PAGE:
Lance Weiler is preparing his students at Columbia University for the unknown. “What I’m going to show you might disturb you,” he warned the class in January, at the beginning of his graduate course on digital storytelling.
A filmmaker who made his reputation on the frontiers of entertainment technology by inventing a popular augmented reality game around his film, “Head Trauma,” Weiler parlayed his experiments into a job at the School of the Arts, where he shows how computers might become creative partners instead of professional dead ends. His classes have combined augmented reality with Edgar Allan Poe, virtual reality with Sherlock Holmes and machine learning with Mary Shelley’s Frankenstein.
Now, Weiler wants his students ready for an art world that is gradually embracing the latest digital tools. The widespread availability of artificial intelligence programs that serve as image and text generators is upending the rules of cultural production — and changing how students learn what it means to be an artist.
The 53-year-old professor grinned from behind his graying beard with the enthusiasm of a mad scientist meeting his test subjects. He told his class in a dramatic whisper: “I’m going to show how you can leverage these technologies in your artistic practices.”
“The class is about daring students to embrace the machines,” Weiler later explained in an interview, shedding his prophet mystique.
For months he has been rehearsing his students and their A.I. creations for a workshop this week at New York’s Lincoln Center and a performance at the Music Center in Los Angeles in the fall, where representatives from the art and entertainment industries will be in the audience, looking to hire young recruits. These immersive performances, co-productions of man and machine, employ A.I. programs like ChatGPT and Midjourney, which can produce scripts and artworks based on algorithms and replicate human creativity by devouring billions of datapoints from across the internet. Whether Weiler’s students find them tools for their own creativity is yet to be seen.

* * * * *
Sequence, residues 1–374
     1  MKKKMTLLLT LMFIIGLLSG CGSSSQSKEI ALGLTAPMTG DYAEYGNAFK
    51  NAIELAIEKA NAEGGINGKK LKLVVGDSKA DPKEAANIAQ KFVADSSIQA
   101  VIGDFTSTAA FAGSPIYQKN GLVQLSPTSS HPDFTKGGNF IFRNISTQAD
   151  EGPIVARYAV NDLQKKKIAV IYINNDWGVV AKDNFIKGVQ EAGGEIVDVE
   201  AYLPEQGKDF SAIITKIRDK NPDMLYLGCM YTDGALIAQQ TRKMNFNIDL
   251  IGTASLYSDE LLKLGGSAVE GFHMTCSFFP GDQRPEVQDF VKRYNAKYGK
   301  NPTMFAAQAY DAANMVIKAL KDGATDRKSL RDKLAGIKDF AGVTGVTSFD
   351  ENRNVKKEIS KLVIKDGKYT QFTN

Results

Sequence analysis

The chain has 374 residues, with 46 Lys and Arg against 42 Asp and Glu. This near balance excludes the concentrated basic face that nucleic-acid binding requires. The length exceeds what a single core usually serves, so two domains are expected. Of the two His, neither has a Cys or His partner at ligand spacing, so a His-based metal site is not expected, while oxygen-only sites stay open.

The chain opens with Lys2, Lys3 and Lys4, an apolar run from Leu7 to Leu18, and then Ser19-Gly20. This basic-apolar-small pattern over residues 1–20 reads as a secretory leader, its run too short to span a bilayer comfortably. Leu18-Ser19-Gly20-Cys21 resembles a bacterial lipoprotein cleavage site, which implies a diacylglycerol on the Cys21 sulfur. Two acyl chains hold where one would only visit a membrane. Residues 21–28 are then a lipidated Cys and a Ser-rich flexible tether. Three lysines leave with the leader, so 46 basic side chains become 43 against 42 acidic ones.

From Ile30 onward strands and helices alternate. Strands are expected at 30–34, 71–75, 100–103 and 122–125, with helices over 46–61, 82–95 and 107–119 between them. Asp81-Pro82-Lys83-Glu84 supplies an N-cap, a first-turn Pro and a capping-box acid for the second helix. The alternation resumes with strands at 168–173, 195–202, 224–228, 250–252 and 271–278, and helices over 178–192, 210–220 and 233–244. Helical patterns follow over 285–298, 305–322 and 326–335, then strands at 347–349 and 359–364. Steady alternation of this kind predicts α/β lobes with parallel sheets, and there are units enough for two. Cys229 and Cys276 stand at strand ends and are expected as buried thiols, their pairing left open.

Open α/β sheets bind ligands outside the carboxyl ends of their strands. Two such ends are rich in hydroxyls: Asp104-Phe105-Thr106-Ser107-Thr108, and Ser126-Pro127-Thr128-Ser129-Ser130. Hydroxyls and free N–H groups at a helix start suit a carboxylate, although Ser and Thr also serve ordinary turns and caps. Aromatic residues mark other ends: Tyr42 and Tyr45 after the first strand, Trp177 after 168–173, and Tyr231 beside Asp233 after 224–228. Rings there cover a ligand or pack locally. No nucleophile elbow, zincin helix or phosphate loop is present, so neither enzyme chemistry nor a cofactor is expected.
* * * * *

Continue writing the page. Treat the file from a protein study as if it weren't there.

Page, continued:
“I keep both programs open on my screen at all times,” said Behrang Garakani, 50, an aspiring artist who returned to college after a career in video game development. In Weiler’s class he uses A.I. to storyboard ideas that he didn’t have the technical skills to draw. “This is now part of my artist’s toolbox,” he said, comparing ChatGPT and Midjourney to the way photoshop has become indispensable to photographers.
During the rehearsals, Weiler frequently reminded students of what the inventor Buckminster Fuller once said: “We are called to be architects of the future, not its victims.” Sometimes he needed to remind himself of that. He wasn’t some ivory-tower expert but a self-taught practitioner whose struggle to understand emerging technologies happened alongside his students. The risk of failure and criticism from his academic colleagues was high.
“Not every class lets students use ChatGPT, because many professors assume that it’s plagiarism,” said Haiyu Zhang, a student in Weiler’s class, referring to the ongoing debates over the truth of A.I.-generated “pictures.” “But he really emphasizes a hands-on perspective with these tools.”
Zhang, 22, an undergraduate studying information science and comparative literature, petitioned to enroll in Weiler’s graduate course. Like other students, she didn’t want to call herself a traditional artist but a coder, futurist and worldbuilder. “A lot of people are scared about this technology,” she reasoned. “But not me.”
AI: Tool or threat?
Weiler isn’t the only teacher experimenting with A.I. Art schools nationwide, from the California Institute of the Arts to the Rhode Island School of Design, are offering young artists courses that prepare them to code with machine learning or employ programs like Midjourney, Stable Diffusion, and DALL-E 2 — image generators that convert words into images within seconds. Artists use them as the foundations of creative projects that might still involve traditional mediums like painting and illustration.